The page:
Connie F. CUNNINGHAM, Petitioner-Appellant, v. Joseph SCIBANA, Respondent-Appellee.
Argued April 5, 2001. -- August 01, 2001
ARGUED: Joseph Anthony Brossart, Legal Research and Writing Specialist, Charleston, WV, for Appellant. Michael Lee Keller, Assistant United States Attorney, Charleston, WV, for Appellee. ON BRIEF: Mary Lou Newberger, Acting Federal Public Defender, George H. Lancaster, Jr., Assistant Federal Public Defender, Charleston, WV, for Appellant. Rebecca A. Betts, United States Attorney, Charleston, WV, for Appellee.
Constance Cunningham was convicted of tampering with a consumer product with reckless disregard for and extreme indifference to the risk of human death or injury, in violation of 18 U.S.C. § 1365(a). Cunningham, who is still in prison, participated in a drug treatment program in an effort to qualify for the early release that Congress allows for an inmate convicted of a “nonviolent offense.” The Federal Bureau of Prisons (BOP), however, found Cunningham ineligible for early release because a BOP policy statement classified her crime as a crime of violence in all cases. Cunningham filed an application for a writ of habeas corpus, which was denied by the district court. We are persuaded by the soundness of the BOP's judgment, reflected in its policy statement, to classify Cunningham's crime as one of violence. We therefore affirm.
Cunningham worked as a registered nurse in an Indiana hospital. Hospital staff discovered that someone was tampering with Demerol syringes by replacing the Demerol with a saline solution. Demerol is a powerful painkiller, similar to morphine; it is used for the relief of moderate to severe pain, as a preoperative medication, and as an obstetrical analgesic. See Physicians' Desk Reference 2571 (52d ed.1998). The police interviewed Cunningham and the four other nurses who had access to the Demerol syringes. Cunningham admitted that she had once been addicted to Demerol, but she denied current use. She agreed to a urine test, and the result was positive for Demerol.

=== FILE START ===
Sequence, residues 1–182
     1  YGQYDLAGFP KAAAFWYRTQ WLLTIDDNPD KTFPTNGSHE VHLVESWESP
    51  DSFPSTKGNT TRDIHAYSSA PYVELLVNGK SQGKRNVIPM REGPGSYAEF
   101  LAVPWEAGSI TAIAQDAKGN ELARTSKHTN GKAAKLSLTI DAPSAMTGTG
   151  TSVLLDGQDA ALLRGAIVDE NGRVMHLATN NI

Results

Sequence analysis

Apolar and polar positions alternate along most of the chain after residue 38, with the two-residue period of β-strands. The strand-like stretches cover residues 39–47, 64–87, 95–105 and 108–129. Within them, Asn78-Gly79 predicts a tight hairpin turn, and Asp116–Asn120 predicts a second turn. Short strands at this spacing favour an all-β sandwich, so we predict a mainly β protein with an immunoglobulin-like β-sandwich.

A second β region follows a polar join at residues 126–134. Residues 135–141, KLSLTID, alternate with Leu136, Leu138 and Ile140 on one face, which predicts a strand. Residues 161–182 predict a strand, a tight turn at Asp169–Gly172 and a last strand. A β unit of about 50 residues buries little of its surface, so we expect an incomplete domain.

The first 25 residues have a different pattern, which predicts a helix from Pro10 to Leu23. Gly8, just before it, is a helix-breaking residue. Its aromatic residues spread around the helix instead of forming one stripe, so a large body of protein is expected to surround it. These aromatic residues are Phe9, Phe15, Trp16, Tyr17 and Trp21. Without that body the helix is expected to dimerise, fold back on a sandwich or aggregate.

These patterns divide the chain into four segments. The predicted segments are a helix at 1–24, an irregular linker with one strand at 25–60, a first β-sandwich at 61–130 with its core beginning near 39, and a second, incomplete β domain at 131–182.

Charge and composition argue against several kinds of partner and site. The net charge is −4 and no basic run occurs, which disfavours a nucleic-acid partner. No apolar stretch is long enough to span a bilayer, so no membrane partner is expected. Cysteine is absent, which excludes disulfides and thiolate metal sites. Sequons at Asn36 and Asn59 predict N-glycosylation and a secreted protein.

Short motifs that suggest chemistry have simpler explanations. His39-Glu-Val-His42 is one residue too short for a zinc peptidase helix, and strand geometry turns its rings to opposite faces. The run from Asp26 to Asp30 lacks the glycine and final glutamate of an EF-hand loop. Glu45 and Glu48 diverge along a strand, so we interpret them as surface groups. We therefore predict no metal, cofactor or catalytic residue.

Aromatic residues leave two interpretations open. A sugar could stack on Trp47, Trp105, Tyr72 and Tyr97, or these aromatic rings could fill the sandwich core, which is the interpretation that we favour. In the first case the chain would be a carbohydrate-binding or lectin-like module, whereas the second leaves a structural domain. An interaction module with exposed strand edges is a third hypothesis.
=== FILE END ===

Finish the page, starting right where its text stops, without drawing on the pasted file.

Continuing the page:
The government indicted Cunningham for tampering with a consumer product “with reckless disregard for the risk that another person will be placed in danger of death or bodily injury and under circumstances manifesting extreme indifference to such risk.” 18 U.S.C. § 1365(a). The government's theory at trial was that Cunningham, in order to satisfy her addiction, removed the Demerol from the syringes and filled them with a saline solution to conceal her wrong-doing. The jury convicted Cunningham, and on January 26, 1996, she was sentenced to eighty-four months in prison. The Court of Appeals for the Seventh Circuit affirmed her conviction, rejecting her argument that her actions had not placed anyone in danger of “bodily injury.” See United States v. Cunningham, 103 F.3d 553 (7th Cir.1996). The court began its analysis by noting that the tampering statute defines bodily injury to include “physical pain.” See id. at 555 (citing 18 U.S.C. § 1365(g)(4)(B)). The court held that the withholding of pain medication causes “physical pain” because the act of withholding “perpetuates an injury [pain] by preventing it from being alleviated by the product designed for that end.” Id.